The Indiana University School of Medicine Behavioral Phenotype Core (BPC) is a new resource for investigators to expand their research scope to include rodent behavior and in vivo physiology in their work. David McKinzie, PhD, is the director of the BPC.
“Say you’re in medical genetics and you have a new mutant animal model,” said McKinzie. “It’s the first of its kind. We can take those mice and do broad characterizations, look at consummatory behaviors, as well as locomotor, motor and sensory behaviors. We can also look at some of the more subtle cognitive function that exists.”
The core is housed in the Stark Neurosciences Research Institute, so some of the work already being done there is focused on Alzheimer’s disease, but they have also helped investigators who are studying addictions, brain insults, pain and diabetes. They have developed several assays to help them look at a variety of sensory, motor, and cognitive indicators, which can signal differences in the underlying physiology of the animal. Some of the equipment includes video tracking and home-cage telemetry, which can help researchers see patterns in behavior over time.
In addition to providing behavioral assays, the core also helps train graduate students and post-docs on implementation of sound experimental design for behavioral studies and to use specific equipment. McKinzie says he hopes to be able to support education and training more in the future, especially to help with reproducibility.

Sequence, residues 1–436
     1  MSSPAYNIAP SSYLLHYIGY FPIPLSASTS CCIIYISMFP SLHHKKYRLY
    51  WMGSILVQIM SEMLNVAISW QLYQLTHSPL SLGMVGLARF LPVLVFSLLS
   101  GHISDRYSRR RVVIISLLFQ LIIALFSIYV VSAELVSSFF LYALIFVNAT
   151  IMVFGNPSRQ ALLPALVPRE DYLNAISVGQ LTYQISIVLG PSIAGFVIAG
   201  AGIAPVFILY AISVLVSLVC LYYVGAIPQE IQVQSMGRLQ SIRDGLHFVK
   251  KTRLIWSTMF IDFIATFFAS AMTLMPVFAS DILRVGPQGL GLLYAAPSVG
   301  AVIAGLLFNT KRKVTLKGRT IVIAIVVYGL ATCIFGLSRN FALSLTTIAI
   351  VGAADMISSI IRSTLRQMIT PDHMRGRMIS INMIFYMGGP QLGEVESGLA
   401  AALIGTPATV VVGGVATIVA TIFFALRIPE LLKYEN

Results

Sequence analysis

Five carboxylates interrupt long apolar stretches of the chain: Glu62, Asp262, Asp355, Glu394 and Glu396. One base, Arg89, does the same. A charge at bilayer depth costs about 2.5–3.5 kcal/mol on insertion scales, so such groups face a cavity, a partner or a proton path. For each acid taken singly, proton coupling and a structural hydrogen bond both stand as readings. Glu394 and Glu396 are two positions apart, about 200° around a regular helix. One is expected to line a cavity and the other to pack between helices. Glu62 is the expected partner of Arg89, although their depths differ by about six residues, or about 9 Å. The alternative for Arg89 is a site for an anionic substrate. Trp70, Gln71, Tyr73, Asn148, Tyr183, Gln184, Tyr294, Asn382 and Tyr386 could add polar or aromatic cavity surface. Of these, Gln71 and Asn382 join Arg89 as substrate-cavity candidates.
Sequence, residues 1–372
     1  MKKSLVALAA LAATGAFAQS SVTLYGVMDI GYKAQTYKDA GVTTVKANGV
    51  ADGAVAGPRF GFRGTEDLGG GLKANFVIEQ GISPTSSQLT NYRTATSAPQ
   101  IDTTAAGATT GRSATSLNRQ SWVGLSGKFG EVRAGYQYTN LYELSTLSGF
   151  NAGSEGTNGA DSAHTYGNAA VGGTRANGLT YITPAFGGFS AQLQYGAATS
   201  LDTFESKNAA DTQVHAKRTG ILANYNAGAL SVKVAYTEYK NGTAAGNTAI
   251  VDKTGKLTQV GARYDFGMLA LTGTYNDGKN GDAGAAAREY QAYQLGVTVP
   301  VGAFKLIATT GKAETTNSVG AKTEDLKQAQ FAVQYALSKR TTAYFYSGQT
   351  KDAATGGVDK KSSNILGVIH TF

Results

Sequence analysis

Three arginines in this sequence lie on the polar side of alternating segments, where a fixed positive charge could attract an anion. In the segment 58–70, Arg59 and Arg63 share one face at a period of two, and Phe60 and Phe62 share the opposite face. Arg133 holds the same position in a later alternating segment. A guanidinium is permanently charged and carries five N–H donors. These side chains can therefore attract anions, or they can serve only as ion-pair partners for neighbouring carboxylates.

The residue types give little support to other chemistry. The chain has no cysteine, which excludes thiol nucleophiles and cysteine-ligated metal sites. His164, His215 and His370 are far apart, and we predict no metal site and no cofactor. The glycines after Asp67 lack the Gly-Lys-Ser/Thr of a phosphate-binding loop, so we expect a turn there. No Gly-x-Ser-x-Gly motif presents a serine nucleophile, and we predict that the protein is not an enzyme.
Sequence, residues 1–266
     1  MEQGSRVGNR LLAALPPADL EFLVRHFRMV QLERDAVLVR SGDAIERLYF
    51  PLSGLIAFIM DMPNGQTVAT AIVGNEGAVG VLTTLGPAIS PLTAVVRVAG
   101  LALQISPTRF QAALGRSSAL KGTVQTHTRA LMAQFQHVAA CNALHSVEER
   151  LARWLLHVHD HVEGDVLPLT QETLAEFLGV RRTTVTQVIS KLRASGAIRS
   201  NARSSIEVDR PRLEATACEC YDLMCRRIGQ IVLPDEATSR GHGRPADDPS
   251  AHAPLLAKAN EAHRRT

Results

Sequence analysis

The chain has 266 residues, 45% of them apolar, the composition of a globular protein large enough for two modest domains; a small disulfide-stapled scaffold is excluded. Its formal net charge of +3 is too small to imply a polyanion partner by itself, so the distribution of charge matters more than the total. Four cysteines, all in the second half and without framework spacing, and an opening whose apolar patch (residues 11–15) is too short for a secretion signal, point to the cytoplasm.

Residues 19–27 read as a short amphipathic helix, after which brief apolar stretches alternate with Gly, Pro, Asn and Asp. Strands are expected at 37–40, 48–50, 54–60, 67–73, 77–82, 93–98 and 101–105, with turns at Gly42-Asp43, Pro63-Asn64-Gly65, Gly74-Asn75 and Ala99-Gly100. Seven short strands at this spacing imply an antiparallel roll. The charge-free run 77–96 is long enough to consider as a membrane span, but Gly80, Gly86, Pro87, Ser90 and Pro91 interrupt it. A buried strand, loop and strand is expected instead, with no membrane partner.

As the core grows, McKinzie says they have revised their assays based on their collaborations. One of their goals for 2020 is to reach out to investigators in other areas, such as oncology and musculoskeletal groups.
“Behavior of rodents can really be applied across any therapeutic area,” said McKinzie. “One of the things we want to do is take the behavior and try to, in that same animal, correlate it back to whatever your disease endpoint is. If you’re looking at diabetes, how does this correspond to glucose or insulin control? Or if you’re looking at cognitive effects, you can look at markers of metabolic dysfunction in the brain. That’s the goal, to work deeply with these individual labs to be a supplement, to help IU School of Medicine researchers have that additional multidisciplinary component that will help them publish in higher tier papers and also lead to more grant funding.”
The Behavioral Phenotype Core is available to all IU School of Medicine investigators, with plans to expand to support the broader Indiana Clinical and Translational Sciences Institute (CTSI) network.
For more information, email David McKinzie.